Roadbridge, one of the country’s biggest civil engineering and construction firms, has announced it is to go into receivership. The company founded in Limerick by the late Pat Mulcair in the 1960’s employs 630 people in Ireland, the UK and Sweden, and is involved in some of the biggest infrastructural road, energy and water projects in Ireland the UK and Europe.
It has been involved in the construction of the second runway at Dublin Airport, the Limerick Tunnel, and the Limerick Greenway.
It was working currently on the Coonagh-Knockalisheen distributor road in Limerick, and was recently appointed as contractor for the Ballaghadreen by-pass in Roscommon.
“It is with regret that, as result of insurmountable financial challenges, the Board of Roadbridge Holdings Ltd announces that it has requested Bank of Ireland to appoint receivers to the company,” Roadbridge said in a statement this afternoon.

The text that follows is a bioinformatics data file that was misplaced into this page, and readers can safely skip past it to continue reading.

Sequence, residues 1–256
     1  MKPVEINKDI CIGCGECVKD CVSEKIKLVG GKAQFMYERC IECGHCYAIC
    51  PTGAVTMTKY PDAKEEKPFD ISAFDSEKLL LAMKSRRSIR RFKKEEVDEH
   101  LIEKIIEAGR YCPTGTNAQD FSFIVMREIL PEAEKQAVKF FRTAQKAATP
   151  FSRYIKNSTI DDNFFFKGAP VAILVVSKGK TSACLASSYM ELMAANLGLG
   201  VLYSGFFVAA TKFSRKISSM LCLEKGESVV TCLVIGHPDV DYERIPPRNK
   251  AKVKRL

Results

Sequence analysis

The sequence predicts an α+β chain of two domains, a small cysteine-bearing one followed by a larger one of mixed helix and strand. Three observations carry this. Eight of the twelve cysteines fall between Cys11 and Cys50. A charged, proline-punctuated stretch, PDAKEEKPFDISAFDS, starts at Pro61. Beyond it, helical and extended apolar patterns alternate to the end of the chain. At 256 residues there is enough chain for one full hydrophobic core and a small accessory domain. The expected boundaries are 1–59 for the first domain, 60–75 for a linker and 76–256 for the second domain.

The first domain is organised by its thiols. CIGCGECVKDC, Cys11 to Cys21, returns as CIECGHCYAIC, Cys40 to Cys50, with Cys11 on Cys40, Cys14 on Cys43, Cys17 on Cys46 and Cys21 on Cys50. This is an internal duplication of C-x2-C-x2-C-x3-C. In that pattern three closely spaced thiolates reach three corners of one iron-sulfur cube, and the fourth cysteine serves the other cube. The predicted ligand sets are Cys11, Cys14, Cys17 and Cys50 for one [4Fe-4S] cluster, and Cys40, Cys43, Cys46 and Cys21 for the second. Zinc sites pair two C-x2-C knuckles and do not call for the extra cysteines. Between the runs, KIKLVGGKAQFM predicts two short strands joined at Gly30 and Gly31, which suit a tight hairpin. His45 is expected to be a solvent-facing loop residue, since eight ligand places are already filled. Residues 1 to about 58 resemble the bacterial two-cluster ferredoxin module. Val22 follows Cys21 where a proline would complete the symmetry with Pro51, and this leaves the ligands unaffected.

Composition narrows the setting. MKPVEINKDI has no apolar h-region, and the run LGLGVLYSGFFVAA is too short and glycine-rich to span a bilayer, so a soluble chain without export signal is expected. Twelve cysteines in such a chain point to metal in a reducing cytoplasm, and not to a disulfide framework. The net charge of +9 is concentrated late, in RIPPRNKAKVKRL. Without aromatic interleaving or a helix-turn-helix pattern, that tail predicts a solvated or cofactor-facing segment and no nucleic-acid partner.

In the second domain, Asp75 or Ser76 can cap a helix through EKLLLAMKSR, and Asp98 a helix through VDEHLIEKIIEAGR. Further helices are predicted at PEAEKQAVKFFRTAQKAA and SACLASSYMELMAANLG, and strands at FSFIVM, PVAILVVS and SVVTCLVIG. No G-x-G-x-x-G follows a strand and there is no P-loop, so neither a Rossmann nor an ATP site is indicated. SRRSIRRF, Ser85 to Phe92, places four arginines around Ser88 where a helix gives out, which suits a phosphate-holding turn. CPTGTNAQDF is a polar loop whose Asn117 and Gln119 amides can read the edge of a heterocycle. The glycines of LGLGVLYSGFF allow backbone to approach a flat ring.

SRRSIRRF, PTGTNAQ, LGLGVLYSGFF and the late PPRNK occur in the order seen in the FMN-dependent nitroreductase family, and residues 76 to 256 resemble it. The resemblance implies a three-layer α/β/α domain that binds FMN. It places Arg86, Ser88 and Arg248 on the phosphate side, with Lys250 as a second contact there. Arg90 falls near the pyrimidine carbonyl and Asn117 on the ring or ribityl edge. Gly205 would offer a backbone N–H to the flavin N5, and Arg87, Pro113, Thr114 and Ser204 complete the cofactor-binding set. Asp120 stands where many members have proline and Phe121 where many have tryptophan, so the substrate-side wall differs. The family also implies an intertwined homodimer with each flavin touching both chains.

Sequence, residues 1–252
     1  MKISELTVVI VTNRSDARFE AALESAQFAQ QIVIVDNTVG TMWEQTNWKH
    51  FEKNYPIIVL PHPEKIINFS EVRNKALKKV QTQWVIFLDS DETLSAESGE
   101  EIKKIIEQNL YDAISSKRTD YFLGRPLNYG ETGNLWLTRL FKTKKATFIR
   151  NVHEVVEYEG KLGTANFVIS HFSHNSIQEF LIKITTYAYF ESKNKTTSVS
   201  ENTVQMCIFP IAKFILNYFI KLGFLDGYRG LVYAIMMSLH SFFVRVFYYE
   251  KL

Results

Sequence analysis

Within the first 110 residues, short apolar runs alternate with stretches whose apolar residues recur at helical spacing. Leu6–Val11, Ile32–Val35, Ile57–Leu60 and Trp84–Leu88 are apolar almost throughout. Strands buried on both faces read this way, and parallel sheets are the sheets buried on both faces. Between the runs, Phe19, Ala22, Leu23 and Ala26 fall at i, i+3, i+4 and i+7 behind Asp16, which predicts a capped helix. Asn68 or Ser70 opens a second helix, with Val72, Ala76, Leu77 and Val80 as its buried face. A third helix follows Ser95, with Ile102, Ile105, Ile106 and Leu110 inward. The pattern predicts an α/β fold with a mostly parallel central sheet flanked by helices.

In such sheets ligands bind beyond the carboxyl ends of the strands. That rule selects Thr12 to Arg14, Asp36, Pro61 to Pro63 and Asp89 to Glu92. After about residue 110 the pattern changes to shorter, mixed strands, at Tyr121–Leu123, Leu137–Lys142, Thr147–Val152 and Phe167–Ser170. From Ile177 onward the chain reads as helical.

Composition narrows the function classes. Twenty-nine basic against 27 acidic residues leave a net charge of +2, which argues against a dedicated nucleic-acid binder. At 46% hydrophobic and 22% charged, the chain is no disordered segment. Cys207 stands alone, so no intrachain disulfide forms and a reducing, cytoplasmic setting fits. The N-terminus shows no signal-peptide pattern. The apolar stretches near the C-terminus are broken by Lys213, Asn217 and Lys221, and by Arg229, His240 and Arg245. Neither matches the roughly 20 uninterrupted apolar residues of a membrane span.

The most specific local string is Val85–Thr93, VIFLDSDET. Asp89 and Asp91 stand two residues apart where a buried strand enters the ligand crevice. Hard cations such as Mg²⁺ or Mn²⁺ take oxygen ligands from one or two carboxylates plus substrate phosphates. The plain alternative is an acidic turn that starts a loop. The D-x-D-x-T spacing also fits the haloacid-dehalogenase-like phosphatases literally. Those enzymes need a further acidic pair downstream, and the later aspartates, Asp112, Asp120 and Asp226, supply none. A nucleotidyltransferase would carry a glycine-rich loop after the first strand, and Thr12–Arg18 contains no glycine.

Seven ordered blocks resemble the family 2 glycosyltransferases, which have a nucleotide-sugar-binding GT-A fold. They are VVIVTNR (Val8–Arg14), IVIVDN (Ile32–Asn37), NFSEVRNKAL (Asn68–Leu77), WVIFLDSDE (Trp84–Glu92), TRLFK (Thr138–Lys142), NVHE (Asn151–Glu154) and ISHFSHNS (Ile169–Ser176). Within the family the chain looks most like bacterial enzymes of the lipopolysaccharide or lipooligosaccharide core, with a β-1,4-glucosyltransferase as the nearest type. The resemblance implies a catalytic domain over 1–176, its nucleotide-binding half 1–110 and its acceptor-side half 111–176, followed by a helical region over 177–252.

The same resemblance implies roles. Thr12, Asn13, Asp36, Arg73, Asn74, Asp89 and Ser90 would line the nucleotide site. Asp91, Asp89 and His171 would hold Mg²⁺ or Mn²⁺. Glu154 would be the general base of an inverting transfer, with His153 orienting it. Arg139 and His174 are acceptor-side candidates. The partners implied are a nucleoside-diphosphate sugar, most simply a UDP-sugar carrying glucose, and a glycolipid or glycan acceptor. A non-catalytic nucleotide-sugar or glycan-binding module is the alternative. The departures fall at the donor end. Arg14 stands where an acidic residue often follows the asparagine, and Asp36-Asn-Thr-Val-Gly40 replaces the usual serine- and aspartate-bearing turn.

Aidan Murphy, Chairman of Roadbridge said they have been “working tirelessly” for the last number of months to find a solution to the “grave challenges” faced by the company.
“My fellow directors and I greatly regret having to take this step, but unfortunately, it was the only possible option at this time,” Mr Murphy said in a statement.
“The Board recognise the support of all our stakeholders, including our bank, Bank of Ireland, in difficult circumstances as the directors explored every opportunity to save the company.
“We are committed to working closely with the receivers now in order to get the best possible outcome for employees, creditors and stakeholders,” he added.
The receivers are Stephen Tennant and Nicholas O’Dwyer of Grant Thornton.